Sunday, December 27, 2009

Christmas Dinner

Yes, I actually did cook food for my family's Christmas dinner. Real cooking, none of that pansy toss-together-a-salad-out-of-a-bag or shove-some-rolls-from-a-tube-in-the-mini-oven stuff. In the process of my epic journey of real cookery I dirtied no less than 1 saucepan, 2 large pots, 4 mixing bowls, and 2 pyrex baking dishes. And that's not counting all the utensils I used. It took over 4 hours to do everything. And I loved it. We've still yet to see if I'll love it 365 days a year when I have my own house, thing at a time.

The Menu

Wild Mushroom Soup
Simple Potato Salad
Lemon Chicken
Yumi's New York-Style Cheesecake

And now I shall proceed to go into each menu item in depth. Because I assume by the fact that you are reading this blog, you care as much about what I'm eating/cooking as I do.

The mushroom soup was something I was extremely excited to make. I've never made it before, but I chose the recipe (from based on the review that it was exceedingly like Panera Bread's Forest Mushroom soup, which I adore. The recipe itself was more complex than any soup I've made before (for one, it actually sort of mattered in what order you chucked the ingredients in the pot--gasp!), but obviously not too complex as it came together without a hitch. So, was it like Panera's soup? definitely had the same feel, but it wasn't exactly the same. Which isn't surprising, seeing as I skimped on the mushroom portion of the recipe a great deal (no nearby Italian grocery+no desire to search for one on Christmas Eve=no porcini mushrooms). But I liked it. Which is all that matters.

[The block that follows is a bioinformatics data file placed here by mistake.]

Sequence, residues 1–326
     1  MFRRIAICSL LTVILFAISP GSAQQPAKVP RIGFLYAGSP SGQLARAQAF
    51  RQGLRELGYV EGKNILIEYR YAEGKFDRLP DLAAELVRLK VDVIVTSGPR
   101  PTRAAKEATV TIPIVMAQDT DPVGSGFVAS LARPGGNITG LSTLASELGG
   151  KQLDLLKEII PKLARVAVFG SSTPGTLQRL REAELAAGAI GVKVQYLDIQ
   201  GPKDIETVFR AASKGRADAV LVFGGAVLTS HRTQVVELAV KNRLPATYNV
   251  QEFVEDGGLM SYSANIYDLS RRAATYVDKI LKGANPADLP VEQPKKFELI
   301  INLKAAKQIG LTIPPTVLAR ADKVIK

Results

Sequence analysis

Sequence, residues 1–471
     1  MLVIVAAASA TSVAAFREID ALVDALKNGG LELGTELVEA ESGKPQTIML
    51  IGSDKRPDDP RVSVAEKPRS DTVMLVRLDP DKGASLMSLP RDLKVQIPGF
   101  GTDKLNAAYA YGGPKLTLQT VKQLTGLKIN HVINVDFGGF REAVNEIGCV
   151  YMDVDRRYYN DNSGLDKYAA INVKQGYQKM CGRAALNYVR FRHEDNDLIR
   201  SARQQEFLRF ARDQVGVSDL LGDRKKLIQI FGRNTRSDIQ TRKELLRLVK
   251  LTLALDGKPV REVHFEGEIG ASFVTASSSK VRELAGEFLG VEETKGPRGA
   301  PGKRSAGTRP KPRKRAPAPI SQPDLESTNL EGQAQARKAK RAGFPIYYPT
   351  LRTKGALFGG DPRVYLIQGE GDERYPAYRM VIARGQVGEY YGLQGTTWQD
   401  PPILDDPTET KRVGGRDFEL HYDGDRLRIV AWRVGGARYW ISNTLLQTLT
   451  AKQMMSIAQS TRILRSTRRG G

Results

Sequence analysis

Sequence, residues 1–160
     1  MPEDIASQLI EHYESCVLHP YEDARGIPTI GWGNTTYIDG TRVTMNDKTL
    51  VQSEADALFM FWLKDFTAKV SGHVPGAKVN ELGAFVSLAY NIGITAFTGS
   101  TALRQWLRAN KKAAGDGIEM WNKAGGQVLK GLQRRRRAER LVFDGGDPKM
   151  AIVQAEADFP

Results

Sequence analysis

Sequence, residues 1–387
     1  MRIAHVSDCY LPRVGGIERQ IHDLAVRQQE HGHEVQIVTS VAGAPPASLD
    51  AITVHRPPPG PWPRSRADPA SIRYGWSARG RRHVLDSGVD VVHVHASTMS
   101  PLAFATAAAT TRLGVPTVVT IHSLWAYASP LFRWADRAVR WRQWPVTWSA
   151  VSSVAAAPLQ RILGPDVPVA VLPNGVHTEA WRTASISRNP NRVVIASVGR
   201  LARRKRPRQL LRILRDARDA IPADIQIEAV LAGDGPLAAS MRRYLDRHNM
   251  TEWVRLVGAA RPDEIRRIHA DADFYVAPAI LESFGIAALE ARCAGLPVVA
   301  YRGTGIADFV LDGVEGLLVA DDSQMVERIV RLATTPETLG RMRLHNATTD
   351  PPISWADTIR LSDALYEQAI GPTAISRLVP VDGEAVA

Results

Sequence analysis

Potato salad is sort of more of a summery dish, but I made it anyway for two reasons: 1. I love the stuff any time of year, and 2. I promised The Boyfriend that I'd make it. Oh, that's right, I haven't mentioned that he was having dinner with us yet, right? Well now you know. The potato salad requires a lot of chopping, which I handed off to The Boyfriend, which made my mother joke about "slave labor". As if I care, as long as I get my ingredients chopped (he ate half of the kielbasa he was supposed to be dicing for the salad, so I'd say it was fair compensation). As I've said before, I don't think potato salad is a dish that can be messed up. And it wasn't.